International Campaign for Tibet, September 16, 2019 Read original article here.
As China ramps up its repression in Tibet, US lawmakers are promoting a bill that will increase America’s support for the Tibetan people, especially on the crucial issue of selecting the next Dalai Lama.
The bipartisan Tibetan Policy and Support Act of 2019—introduced in the House on Sept. 13, 2019 by Rep. James McGovern (D-Mass.), chair of the Congressional-Executive Commission on China, and expected to be introduced in the Senate this week by the commission’s Co-Chair Sen. Marco Rubio (R-Fla.) and others—builds on the Tibetan Policy Act of 2002 (TPA), a landmark legislation that enshrined support for Tibet in US law.
The bill—labeled “H.R.4331 – To modify and reauthorize the Tibetan Policy Act of 2002, and for other purposes”—has been referred to the House Committee on Foreign Affairs and Committee on the Judiciary in the next stage in the adoption process.
The bill makes it official US policy that the succession or reincarnation of the Dalai Lama and other Tibetan Buddhist leaders are exclusively religious issues that the Tibetan Buddhist community should decide on. Under the bill, any Chinese officials who attempt to interfere in this process could be subject to targeted sanctions.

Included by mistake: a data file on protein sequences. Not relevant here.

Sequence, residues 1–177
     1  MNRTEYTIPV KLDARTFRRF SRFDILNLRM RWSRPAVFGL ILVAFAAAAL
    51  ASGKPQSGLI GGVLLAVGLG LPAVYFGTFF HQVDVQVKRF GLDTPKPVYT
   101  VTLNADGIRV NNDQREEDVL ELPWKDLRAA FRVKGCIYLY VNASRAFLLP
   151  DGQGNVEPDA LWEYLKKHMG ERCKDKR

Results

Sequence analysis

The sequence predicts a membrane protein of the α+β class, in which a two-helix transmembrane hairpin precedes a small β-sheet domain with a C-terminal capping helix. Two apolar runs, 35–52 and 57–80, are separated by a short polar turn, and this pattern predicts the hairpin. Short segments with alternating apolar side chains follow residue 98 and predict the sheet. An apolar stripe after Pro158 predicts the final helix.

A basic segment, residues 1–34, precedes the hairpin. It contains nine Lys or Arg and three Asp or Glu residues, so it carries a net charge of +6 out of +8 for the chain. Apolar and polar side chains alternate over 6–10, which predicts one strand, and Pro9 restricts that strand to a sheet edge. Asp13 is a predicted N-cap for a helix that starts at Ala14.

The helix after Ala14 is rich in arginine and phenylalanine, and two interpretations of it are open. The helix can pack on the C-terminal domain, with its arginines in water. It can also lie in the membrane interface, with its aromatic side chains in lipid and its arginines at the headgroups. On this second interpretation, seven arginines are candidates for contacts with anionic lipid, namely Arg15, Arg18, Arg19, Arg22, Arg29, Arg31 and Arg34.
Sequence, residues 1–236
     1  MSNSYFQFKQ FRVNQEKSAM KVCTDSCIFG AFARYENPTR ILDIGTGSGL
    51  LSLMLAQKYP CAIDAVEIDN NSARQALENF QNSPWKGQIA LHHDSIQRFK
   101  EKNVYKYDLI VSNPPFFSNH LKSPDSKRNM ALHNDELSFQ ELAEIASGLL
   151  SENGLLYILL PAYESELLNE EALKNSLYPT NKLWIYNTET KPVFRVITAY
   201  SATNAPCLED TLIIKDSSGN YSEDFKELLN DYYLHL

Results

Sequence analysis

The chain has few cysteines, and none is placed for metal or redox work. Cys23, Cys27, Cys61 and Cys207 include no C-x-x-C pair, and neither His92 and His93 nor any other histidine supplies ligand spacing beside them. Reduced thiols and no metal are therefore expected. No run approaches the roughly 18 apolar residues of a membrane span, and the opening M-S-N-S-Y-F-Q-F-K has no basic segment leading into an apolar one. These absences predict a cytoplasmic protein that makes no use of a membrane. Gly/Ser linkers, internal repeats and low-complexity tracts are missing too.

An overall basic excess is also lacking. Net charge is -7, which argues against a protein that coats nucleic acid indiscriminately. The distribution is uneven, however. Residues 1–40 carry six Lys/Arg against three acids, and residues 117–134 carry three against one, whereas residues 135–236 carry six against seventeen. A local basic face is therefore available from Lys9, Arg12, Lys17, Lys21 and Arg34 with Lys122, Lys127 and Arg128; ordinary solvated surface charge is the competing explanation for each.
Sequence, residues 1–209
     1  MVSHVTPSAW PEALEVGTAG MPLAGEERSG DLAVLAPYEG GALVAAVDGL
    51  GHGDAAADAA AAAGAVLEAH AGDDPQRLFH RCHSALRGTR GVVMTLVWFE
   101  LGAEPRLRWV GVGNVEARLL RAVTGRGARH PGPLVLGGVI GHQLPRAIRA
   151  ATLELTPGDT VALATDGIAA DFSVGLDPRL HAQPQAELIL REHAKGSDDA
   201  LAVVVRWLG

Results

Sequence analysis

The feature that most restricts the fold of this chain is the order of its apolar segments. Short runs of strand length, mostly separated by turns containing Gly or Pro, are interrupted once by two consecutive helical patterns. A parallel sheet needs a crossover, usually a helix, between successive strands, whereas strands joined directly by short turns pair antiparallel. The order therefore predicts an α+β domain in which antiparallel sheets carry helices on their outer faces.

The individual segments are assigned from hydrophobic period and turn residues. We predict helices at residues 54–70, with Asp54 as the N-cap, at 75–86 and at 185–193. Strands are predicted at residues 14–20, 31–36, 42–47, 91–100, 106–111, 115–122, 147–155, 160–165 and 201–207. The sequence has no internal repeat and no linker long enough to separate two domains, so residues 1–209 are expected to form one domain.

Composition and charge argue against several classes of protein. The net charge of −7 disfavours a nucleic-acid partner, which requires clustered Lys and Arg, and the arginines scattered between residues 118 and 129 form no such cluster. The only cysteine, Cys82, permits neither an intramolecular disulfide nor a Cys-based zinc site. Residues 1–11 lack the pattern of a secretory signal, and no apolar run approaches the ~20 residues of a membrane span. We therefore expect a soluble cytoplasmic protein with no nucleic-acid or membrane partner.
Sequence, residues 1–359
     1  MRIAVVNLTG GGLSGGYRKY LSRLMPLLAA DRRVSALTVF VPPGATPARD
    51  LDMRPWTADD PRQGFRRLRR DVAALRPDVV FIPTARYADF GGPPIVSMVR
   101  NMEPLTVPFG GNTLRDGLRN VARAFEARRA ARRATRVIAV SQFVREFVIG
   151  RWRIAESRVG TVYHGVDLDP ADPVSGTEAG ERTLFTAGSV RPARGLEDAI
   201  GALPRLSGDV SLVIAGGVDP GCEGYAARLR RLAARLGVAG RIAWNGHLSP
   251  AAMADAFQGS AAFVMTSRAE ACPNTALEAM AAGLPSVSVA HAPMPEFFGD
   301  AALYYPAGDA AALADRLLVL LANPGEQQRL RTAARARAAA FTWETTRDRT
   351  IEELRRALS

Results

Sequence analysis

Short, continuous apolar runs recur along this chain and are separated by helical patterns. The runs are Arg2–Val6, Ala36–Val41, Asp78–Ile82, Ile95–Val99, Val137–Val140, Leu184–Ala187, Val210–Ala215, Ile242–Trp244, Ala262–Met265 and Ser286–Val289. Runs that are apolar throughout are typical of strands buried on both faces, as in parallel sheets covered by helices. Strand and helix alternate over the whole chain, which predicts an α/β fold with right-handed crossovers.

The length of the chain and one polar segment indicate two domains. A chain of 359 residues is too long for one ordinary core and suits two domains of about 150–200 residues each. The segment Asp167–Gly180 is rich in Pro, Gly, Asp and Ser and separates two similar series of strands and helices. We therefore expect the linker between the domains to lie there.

In addition, the bill says no new Chinese consulates should be allowed in the US until a US consulate is established in Lhasa, Tibet’s historical capital.
China has occupied Tibet, a historically independent country, and systematically oppressed its people for the past 60 years since it forced the Dalai Lama into exile.
The Tibetan Policy and Support Act is co-sponsored by Reps. Chris Smith (R-NJ), Marcy Kaptur (D-Ohio), Brad Sherman (D-Calif.), Mark Meadows (R-NC), Thomas Suozzi (D-NY), Tom Malinowski (D-NJ) and Ben McAdams (D-Utah).
Updating the Tibetan Policy Act
Since the TPA was passed in 2002, there have been major developments on the Tibetan issue.
Dialogue between the Dalai Lama’s envoys and Chinese representatives have not been held since 2010. Also, the Dalai Lama announced his retirement from politics in 2011, fully relinquishing political authority to an elected Tibetan leadership.